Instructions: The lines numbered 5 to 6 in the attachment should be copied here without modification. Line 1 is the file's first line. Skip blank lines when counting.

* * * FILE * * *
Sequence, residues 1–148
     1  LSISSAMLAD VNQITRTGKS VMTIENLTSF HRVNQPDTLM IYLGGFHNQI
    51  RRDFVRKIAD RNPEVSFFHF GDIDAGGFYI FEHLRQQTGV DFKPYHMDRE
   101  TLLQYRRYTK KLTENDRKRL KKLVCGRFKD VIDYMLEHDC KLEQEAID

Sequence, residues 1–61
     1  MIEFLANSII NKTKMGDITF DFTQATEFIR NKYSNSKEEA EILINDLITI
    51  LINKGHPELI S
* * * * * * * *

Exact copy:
Sequence, residues 1–61
     1  MIEFLANSII NKTKMGDITF DFTQATEFIR NKYSNSKEEA EILINDLITI